T4. In my constituency, there is a healthy appetite for more policemen actually on the beat. Will the Minister join me in welcoming the fact that the chief constable of Gloucestershire has reorganised his force and has increased the number of policemen on the beat, from 563 to 661? (35117)
I welcome the action taken in Gloucestershire. The chair of its police authority has said that
“we are making sure that what we do is increase our capacity to police and not increase our costs.”
That shows that it can be done. Other forces are either protecting neighbourhood policing or even increasing it. I note that the chair of Gloucestershire police authority is also the chairman of the Association of Police Authorities.
T6. Year after year, my constituents tell me that their greatest concern is fear of crime. That is why they have fought hard to get 10 safer neighbourhood teams. Because of the cuts, the local police force is now consulting not on merging back offices or services, but on cutting those 10 safer neighbourhood teams down to two or three. Does the Minister believe that those cuts will help my constituents fear crime less, or make them less likely to be victims of crime? (35119)
I have had several discussions with the Mayor, the deputy Mayor for policing and the acting Metropolitan Police Commissioner, all of whom are absolutely committed to protecting neighbourhood policing. We are all convinced that it is possible to drive considerable savings in policing, including the Met, in the back and middle office, so that the visible and available policing that the public value can be protected.
T5. I congratulate the UK Border Agency on its work. At the weekend, it caught five illegal immigrants on the French border who had been making their way to my constituency in a lorry. I welcome the increased border policing on the other side of the channel, but what further steps will the Department take to ensure that stronger measures are introduced to deter those who try to smuggle people into the United Kingdom? (35118)
I am delighted to hear that the effective controls that we are reinforcing at the border are having a beneficial effect in my hon. Friend’s constituency. She asked about further measures. I am happy to tell her that only a couple of months ago, at the Anglo-French summit, I signed a new treaty with my French counterpart which commits both countries to increasing the strength of our existing controls in Calais and extending them to other parts of the French coast. That means that we will be equally tough on any activity that is displaced from Calais to other parts of France. We are ensuring that our borders are much better controlled than they were in the past.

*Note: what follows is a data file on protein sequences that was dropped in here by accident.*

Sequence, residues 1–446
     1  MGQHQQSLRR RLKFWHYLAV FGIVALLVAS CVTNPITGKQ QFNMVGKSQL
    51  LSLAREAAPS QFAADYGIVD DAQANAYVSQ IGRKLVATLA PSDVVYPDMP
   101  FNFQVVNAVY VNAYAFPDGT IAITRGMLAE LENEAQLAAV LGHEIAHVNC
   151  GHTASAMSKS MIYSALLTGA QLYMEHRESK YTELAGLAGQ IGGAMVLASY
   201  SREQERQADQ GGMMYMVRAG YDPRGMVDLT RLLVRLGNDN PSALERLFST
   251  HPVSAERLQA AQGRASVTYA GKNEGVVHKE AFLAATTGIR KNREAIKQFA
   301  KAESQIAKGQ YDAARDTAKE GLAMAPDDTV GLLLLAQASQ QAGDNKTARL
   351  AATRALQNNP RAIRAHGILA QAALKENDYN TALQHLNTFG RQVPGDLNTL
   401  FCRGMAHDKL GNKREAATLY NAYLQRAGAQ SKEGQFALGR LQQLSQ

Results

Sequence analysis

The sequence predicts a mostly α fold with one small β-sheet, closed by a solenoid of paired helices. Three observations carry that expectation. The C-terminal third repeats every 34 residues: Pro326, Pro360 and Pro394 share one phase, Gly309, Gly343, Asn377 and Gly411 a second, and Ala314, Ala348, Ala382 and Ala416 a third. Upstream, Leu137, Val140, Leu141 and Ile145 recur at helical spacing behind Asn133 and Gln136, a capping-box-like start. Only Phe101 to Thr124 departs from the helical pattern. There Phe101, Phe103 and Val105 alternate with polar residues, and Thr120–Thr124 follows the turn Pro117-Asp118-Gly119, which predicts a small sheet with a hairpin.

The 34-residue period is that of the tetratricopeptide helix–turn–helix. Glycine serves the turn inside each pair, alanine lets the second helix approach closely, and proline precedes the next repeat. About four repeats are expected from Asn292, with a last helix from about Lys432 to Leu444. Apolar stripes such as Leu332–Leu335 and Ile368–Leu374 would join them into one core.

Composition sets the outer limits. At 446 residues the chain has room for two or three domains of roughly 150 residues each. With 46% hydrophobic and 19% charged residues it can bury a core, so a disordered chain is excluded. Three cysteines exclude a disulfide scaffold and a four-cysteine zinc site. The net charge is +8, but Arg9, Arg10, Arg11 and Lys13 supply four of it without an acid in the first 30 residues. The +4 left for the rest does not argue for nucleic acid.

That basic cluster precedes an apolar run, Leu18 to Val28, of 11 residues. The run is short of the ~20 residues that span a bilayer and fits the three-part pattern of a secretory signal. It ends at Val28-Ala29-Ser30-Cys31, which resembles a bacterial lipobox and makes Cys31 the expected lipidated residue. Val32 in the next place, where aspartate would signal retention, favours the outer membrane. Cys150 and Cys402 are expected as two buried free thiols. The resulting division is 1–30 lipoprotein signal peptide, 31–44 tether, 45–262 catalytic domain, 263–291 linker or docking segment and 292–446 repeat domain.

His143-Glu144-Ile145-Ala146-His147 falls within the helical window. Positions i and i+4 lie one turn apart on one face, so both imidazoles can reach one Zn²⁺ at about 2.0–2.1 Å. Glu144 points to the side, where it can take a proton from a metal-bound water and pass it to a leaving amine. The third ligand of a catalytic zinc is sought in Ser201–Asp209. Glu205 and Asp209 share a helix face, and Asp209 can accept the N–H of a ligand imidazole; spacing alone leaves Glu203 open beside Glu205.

Both the Policing Minister and I have responded to that point on a number of occasions. We have made it absolutely clear that there is no simple link between the number of officers and the level of crime. There are instances throughout the world in which police forces have increased their numbers and crime has risen, and other instances in which police numbers have fallen and crime has fallen.
T7. Last year, nearly half of all violent crime in Devon was alcohol-related. That represents 4,568 instances of completely avoidable violence. I welcome the introduction of a ban on below-cost sales of alcohol as a first step, but does the Minister share my fear that, because it involves only VAT plus duty, it will not go far enough in tackling this serious problem? What other measures will be introduced to tackle alcohol-related crime? (35120)
My hon. Friend is right to highlight the link between alcohol and levels of crime. In fact, 50% of violent incidents are associated with alcohol. Our proposal to ban below-cost sales on the basis of duty plus VAT constitutes an initial package. We will introduce further measures to deal with licensing and other issues involving problem pubs and other alcohol outlets, and also with problem practices. That is precisely what the duty plus VAT element is about.
We will continue to monitor this complex area of policy. In particular, we will consider the rate of duty in the context of super-strength lagers, which have been associated with problematic behaviour.
T10. Why are the Government—unlike the Governments of other European countries which are increasing the support for the victims of trafficking—proposing to reduce the period during which a victim of trafficking will not face deportation from 45 days to 30 days? (35123)